The List: How to be an educated voter

Categories:  News    Opinions
Wednesday, October 21st, 2020 at 12:55 PM
The List: How to be an educated voter by Emily Anderson

All elections are noteworthy, no matter if they are local, statewide, or national. But presidential elections feel like they are the most important. This choice will determine the fate of the nation for the next four years, maybe even eight. The election this year feels like it has more riding on it than ever before. No matter what side you fall on — left, right, or in-between — it’s of the utmost importance that all voters be as educated as possible come Nov. 3 to make the best choices possible.

Here’s how you do that.

1. Find your polling location 

Not sure where to go to cast your ballot? has a really handy tool to help you figure out your polling location. The COVID-19 pandemic have impacted polling places nationwide. Because of this, where you normally go may not be a viable option anymore. So before going out and casting your vote (or waiting in a long line), make sure you know where to go. If your polling place has changed and you’re not able to get there like you usually would, especially if it's further away, the ride share company Lyft is offering discounted rides to polling locations on election day.

2. Get to know the candidates 

This is the most important thing for any election. Knowing the candidates and what they stand for will influence how you vote. Make sure you’re looking beyond sensationalized headlines and flashy social media posts. For tips on verifying your news, read our previous edition of “The List.” 

Debates may not be your scene, but there’s a lot of crucial information that comes from them that is super important to know. If you don’t want to tune into the debate, consider reading a recap from a credible new source the next day. Or you can watch highlights to get the broad strokes of what you missed. There are so many news sources that compare candidates’ policies on big ticket issues. Reading a reputable, non-biased site is a really good place to start.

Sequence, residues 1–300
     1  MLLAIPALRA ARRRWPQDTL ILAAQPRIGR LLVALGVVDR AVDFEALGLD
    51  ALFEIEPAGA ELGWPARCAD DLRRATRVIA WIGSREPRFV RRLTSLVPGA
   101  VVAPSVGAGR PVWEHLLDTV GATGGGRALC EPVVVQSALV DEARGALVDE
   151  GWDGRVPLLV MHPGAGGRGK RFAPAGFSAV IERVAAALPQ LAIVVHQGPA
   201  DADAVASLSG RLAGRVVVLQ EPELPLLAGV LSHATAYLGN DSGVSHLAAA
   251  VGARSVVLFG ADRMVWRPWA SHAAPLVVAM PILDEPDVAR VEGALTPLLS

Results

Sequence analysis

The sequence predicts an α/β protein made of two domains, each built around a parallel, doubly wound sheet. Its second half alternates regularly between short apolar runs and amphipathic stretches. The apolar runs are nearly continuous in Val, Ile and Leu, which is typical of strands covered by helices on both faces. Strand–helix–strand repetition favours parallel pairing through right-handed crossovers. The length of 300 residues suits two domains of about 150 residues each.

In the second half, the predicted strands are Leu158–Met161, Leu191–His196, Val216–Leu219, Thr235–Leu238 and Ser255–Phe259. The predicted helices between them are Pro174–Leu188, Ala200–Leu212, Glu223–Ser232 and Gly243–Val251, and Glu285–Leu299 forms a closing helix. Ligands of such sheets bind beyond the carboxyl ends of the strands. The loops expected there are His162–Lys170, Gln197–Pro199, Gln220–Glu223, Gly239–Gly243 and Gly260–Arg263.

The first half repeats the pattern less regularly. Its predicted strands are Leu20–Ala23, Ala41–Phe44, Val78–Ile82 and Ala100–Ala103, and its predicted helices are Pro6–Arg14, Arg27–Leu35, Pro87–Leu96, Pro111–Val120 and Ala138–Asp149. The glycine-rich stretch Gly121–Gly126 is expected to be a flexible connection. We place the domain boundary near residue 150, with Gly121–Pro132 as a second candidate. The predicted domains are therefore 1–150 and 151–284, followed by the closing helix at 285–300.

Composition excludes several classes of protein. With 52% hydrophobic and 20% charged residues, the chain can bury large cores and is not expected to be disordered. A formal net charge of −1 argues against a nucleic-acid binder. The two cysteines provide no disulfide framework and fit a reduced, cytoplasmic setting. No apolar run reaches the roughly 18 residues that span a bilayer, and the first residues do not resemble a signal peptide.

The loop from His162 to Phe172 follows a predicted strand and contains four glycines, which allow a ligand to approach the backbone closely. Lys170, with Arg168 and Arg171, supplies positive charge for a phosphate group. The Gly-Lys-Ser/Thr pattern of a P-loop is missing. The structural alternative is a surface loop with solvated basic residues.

If you're not sure what you’re supposed to be looking for when deciding on a candidate to back, has a good list on how to judge a candidate, breaking it down into seven in-depth steps to help voters make the best choices. Not sure where each candidate stands on particular issues? That’s fine! There’s so much information to keep track of, it might be hard to find exactly what you’re looking for. These two sites have lists of current issues and what each candidate’s stance on them is.  

3. Make a voting plan 

This year, with the COVID-19 pandemic, voting is not as easy as it usually is. There may be limited polling places in some areas, and due to crowds, at-risk people may not feel comfortable going out and voting. This is the perfect time to request a mail-in ballot. Voters need to make the best choices for them. If that means they cannot go in person, that’s fine! 

However, Pennsylvania’s mail-in ballot this year is a little confusing. The “naked ballot” the state is using for mail-in voting is a two-envelope system that is giving some voters a hard time. has a step-by-step guide on how to use the naked ballot the right way, assuring your vote is counted. Any mail-in ballots not done correctly will not be counted. In addition, the Oct. 27 deadline to submit your application for a mail-in ballot is incoming. For voting, your mail-in ballot “must be postmarked by 8 p.m. on election day and received by your county election office by 5 p.m. on Friday, November 6 to be counted.”

Note: With the amount of mail-in ballots being sent, it's also being recommended that you drop off your ballot, in person, at an election office. For Erie County, states: "If you haven’t mailed your ballot, consider using the 24/7 drop box in front of the Erie County Courthouse. It is located on 140 West 6th Street in Erie, PA. Make sure to return your ballot no later than November 3 (Election Day)."

4. Prepare for in-person voting 

In-person polling places have been limited in some places because of the pandemic. Due to this, some places are seeing polling lines that take over an hour to get through. If you are voting in person, you may want to be prepared for this. This is less than ideal, but if voters are aware they may be facing longer wait times than usual, they can plan accordingly (check the weather, make sure you’re dressed properly). Maybe go along with some friends and play a fun game of I-spy while waiting in line to do your civic duty. And please make sure to wear a mask and social distance to protect those around you.

This election is really important. Many young people eligible to vote this year have never done so before. It is crucial to make sure you’re well educated, no matter who you decide to support.

Young people aren’t the only ones who need to know what’s going on though. Every single voter needs to be as informed as possible in order to make an educated vote this November. These steps are a really good way to make sure you achieve that.

Emily Anderson is the Voices Editor for The Spectator. She can be reached at

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